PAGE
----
As much a gangster film as it is anything else, Black Friday serves more as a showcase for Stanley Ridges’ acting ability than it does for Karloff or Lugosi. Karloff’s role is substantial enough to count but Lugosi is only in the film for one brief scene, never sharing the screen with his top-billed co-star or ever exchanging any dialogue with him. This makes it more than a little odd that he was top-billed with Karloff on the one sheet for the picture, but hey, marketing is marketing, right?

    The movie itself is decent enough. Ridges is very good in the dual role, playing the Jekyll and Hyde character quite effectively. The support from Karloff is appreciated, he too is good here. The production values are satisfactory if not remarkable but at seventy-minutes it goes by pretty quickly. Lubin controls the pacing and while this is the least atmospheric of the four films in the set and only barely qualifies as horror in the traditional sense of the word, it’s an entertaining if middle tier entry in the collective filmography of this set’s two stars.

    The Universal Horror Collection: Volume 1 – Blu-ray Review:

    Each of the four films is presented on its own separate Blu-ray disc in AVC encoded 1080p high definition framed in black and white in its original 1.33.1 fullframe aspect ratio. All films, save for The Black Cat, are advertised as coming from new 2k scans of ‘original film elements.’ The Black Cat is a bit soft in spots and it shows some visible vertical scratches here and there as well as some minor print damage, but overall it looks quite nice. The rest of the films look a bit cleaner and clearer than the first film in the set, although The Raven was shot a little soft and that look is, obviously, retained here. There’s less print damage on the other features than on The Black Cat, while grain appears naturally throughout all four features. Detail is generally pretty good, and there are no problems with any compression artifacts, edge enhancement or noise reduction to complain about. All in all, given the age of the elements, fans should be quite pleased with the quality of the video presentation in this set.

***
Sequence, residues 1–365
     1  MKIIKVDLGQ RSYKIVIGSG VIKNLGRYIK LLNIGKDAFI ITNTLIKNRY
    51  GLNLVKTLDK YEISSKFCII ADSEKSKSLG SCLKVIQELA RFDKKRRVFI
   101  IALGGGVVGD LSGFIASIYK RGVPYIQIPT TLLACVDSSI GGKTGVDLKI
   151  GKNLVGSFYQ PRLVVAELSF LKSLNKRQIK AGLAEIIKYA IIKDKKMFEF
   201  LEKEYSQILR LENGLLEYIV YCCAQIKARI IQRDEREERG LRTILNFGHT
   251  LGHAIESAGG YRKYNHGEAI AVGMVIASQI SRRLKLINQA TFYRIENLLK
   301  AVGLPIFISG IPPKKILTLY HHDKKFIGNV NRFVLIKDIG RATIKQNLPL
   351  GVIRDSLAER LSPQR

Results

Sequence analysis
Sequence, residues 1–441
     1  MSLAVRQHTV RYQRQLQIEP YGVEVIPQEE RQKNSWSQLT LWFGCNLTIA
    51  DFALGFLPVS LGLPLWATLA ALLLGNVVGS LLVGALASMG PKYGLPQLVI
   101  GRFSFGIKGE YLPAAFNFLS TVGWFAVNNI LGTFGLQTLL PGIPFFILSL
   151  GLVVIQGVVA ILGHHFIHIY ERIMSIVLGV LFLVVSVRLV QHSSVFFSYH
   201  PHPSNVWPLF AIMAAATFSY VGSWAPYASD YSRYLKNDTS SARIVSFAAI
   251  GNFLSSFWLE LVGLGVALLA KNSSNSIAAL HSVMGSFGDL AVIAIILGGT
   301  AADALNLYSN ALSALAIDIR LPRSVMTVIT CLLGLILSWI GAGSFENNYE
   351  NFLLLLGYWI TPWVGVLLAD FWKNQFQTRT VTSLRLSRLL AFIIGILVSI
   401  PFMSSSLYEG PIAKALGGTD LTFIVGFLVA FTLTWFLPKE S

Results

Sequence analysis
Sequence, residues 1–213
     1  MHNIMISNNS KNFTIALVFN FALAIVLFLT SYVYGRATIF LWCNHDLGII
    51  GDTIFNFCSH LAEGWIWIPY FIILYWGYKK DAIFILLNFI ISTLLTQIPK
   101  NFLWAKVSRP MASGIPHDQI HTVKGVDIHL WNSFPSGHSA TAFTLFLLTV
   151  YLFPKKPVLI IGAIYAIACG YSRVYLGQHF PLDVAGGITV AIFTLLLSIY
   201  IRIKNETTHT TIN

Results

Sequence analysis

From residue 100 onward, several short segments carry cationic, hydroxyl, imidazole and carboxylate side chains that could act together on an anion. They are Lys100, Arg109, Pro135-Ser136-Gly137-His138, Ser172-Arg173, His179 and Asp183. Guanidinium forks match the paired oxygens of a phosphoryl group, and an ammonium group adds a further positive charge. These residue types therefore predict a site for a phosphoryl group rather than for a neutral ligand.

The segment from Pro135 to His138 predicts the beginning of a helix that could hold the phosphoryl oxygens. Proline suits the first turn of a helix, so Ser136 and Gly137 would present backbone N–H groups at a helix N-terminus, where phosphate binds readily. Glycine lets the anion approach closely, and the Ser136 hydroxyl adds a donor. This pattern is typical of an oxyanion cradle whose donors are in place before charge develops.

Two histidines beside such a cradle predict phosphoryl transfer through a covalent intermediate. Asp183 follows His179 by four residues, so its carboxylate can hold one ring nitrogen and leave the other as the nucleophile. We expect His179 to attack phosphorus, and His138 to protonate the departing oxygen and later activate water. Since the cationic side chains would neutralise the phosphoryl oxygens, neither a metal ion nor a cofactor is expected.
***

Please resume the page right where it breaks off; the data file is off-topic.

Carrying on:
The DTS-HD Mono tracks supplied for each film are fine. Optional subtitles are provided for each of the four features in English only. While range is understandably limited throughout the four films, there aren’t really any problems here. Dialogue stays clean, clear and easy to follow. You’ll here a little bit of hiss here and there if you listen for it but there’s nothing really distracting about it. No problems were noticed during playback.

    Extras for The Black Cat start off with a new audio commentary by author/film historian Gregory William Mank, the author of Bela Lugosi And Boris Karloff: The Expanded Story Of A Haunting Collaboration. There’s a lot of detail here about the actors’ lives, how they wound up doing all of these films for Universal, where their careers were after the success of some of their better-known Universal outings, how they did and didn’t always get along, and plenty more. A second audio commentary by author/film historian Steve Haberman is also included. It inevitably covers some of the same ground as the first track but so too does it covers lots of new material, going into detail on the director’s background, the studio’s position, and the themes and ideas explored in the picture including some of the more unusual elements included in its later half.

    Shout! Factory has also included two new featurettes, the first of which is the fifty-six-minute Dreams Within A Dream: The Classic Cinema Of Edgar Allan Poe piece, which is narrated by Doug Bradley. This is an interesting look at Poe’s legacy on the silver screen, exploring early entries like the first two films in this set as well as more modern adaptations including the Corman/Price Poe vehicles cranked out by AIP. Lots of pertinent clips and stills are used to illustrate various points made by Bradley’s narration – it’s quite an interesting retrospective.

    The second featurette is A Good Game: Karloff And Lugosi At Universal Part One: The Black Cat, which clocks in at just under twenty-four-minutes in length. This is the first of four related featurettes included throughout the set and it examines the history of the production by way of some insight from Gary D. Rhodes and Gregory William Mank, both of whom clearly know their stuff. This piece covers some of the same ground as the two commentary tracks do but it has the added bonus of using visuals in the form of clips and stills. It’s nicely done and quite interesting.